On this day 21st October 1915

21.10.1915 LAPUGNOY: 120 men& 2 Officers forming part of Brigade fatigue party under Capt E. H. Heathcote proceeded in Busses to LA BOURSE and were billeted at SAILLY LA BOURSE, and were employed in removing gas apparatus from trenches.

[Sailly La Bourse is a farming village situated 3 miles southeast of Bethune]

War Diary [WO/95/2694]

Oct 21st. Running parade 9 – 9-30. 10-30 till 12-30 route march. Paid 20 frs in afternoon. Fatigue party for trenches, but I was not included. – very glad. Went to hear Pierrots at night – very good. Nice day, but rain from about 8 p.m. onwards.

[3289 Pte George William Beardsley]Pierrott


On these days 2-4th October 1915

3.10.1915 FOUQUEREUIL: Battn moved to Billets at HINGES.

4.10.1915 HINGES: Bn (less details) embossed for SAILLY LA BOURSE and from there marched to trenches W of LOOS, where the Bn was employed converting old German trenches.

Casualties:- 1 man killed.

War Diary [WO/95/2694]

The man killed was 2549 Pte Albert Smith from Buxton who was serving with C Company. He now has no known grave and he is commemorated on the Loos Memorial.

Wounded was 2026 Pte Harry Bellfield, a printer from Ashbourne, who suffered a shell wound to the right thigh and was transferred to England.

2026 Bellfield

3119 Pte Edward Bennet, a collier from Whaley Bridge, was transfered to England pending discharge due to age.

3119 Bennet3119 Bennet 2

Oct 2nd. Rose about 11-30 a.m. & had breakfast. Band played in afternoon in market place. Went out about 3 p.m. round the town & had a good tea. Nice town. About six shells dropped on it during morning. 6 French soldiers hurt. Very nice day.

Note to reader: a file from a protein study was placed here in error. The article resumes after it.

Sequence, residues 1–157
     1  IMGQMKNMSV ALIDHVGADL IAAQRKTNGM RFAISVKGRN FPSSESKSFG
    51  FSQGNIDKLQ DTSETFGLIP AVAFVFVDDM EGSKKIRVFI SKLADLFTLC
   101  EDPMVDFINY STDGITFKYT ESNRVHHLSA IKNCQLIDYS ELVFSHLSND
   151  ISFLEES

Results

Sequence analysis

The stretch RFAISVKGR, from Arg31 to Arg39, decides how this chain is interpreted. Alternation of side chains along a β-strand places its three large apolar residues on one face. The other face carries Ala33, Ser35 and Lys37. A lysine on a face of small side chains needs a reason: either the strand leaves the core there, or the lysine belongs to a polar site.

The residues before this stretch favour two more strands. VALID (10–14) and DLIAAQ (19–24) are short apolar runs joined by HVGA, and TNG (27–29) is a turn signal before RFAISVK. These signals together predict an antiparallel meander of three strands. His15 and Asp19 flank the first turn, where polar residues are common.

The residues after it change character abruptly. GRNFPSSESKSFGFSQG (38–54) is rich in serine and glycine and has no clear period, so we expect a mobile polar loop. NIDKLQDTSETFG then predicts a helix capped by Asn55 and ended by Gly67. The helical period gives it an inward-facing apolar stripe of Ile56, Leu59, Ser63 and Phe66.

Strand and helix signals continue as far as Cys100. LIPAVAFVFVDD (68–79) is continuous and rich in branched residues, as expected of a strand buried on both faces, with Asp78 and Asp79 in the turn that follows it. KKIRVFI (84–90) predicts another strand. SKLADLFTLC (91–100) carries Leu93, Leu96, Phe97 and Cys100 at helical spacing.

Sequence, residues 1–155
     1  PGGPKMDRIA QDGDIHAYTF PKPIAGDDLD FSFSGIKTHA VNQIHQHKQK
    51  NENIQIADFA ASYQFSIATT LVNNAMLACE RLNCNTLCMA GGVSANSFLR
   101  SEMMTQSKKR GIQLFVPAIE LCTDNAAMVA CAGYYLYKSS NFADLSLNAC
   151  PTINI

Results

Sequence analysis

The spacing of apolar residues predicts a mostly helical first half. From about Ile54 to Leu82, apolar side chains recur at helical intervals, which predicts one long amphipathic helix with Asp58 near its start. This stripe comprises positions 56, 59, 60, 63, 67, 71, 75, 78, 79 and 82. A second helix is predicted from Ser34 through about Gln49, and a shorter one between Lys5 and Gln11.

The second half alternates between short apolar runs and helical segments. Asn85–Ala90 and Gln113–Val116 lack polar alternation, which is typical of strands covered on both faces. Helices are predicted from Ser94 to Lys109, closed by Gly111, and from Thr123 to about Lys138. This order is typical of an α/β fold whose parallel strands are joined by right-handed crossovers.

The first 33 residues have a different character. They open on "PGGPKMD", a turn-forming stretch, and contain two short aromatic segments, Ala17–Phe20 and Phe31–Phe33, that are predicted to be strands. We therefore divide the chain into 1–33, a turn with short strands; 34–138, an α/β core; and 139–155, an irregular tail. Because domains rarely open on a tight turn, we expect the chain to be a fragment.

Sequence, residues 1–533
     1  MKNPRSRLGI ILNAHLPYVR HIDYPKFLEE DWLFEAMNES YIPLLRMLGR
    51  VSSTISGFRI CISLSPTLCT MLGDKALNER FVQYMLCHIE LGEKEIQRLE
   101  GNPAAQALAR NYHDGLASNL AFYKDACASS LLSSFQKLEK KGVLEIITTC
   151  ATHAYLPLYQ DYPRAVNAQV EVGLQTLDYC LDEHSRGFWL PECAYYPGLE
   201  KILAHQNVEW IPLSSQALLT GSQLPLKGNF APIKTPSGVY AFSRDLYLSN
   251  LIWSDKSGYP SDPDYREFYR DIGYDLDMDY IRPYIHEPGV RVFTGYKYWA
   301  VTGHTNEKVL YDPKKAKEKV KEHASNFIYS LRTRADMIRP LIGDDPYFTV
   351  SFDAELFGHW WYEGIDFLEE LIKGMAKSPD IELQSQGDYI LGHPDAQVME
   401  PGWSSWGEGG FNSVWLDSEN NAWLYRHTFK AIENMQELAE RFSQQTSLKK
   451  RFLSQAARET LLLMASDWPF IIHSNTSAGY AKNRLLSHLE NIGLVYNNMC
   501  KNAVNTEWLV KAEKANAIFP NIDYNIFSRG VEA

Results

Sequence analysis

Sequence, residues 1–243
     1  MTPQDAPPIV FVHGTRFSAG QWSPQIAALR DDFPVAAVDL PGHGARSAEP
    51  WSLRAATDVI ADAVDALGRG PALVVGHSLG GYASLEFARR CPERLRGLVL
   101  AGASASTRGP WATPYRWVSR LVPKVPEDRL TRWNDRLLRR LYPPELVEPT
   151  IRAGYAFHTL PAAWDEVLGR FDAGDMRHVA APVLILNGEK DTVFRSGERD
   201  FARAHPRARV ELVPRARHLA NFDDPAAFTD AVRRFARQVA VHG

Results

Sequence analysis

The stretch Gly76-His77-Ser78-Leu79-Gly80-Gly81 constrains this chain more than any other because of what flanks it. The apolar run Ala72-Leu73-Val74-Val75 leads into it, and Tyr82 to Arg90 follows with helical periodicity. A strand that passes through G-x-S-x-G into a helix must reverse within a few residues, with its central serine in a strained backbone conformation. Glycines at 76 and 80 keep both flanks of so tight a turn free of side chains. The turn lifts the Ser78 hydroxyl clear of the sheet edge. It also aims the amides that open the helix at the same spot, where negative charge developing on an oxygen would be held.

Oct 3rd. Rose about 6 a.m. had breakfast & packed up. Set off from Bethune about 8-30 a.m. and got to Hinges about 11-30 a.m.

Billeted in barns – quite comfortable. Cleaned up in afternoon & had a walk round after tea. Very nice day.

Oct 4th. Rose at 8 a.m. & had breakfast. Rifle inspn 10 a.m. Moved suddenly at 4 p.m. battn to captured trenches (part way in motor buses), but I was left guarding blankets, etc. – nice job. Very nice day. Attd 1st Army Corps.

[3289 Pte George William Beardsley]

Our method of approach to the vicinity was rather unique, about five kilometres on foot and the remainder of the journey to the commencement of the communication trenches just behind Loos, in London Omnibuses, it was a very rough ride, lurching, swaying into shell holes, stopping, starting, avoiding the other transport, and then the picture from the top deck, – remember the old London omnibus of 1914 had no roof, – the rise of the Verey lights over the troubled battle fronts, the flashes of artillery fire, explosions of shells and mortars made a very vivid scene in the darkness from the top of a bus. The snaking of that convoy of buses over the shell torn roads made a remarkable sight.

[2305 Pte Frank Longson]Omnibus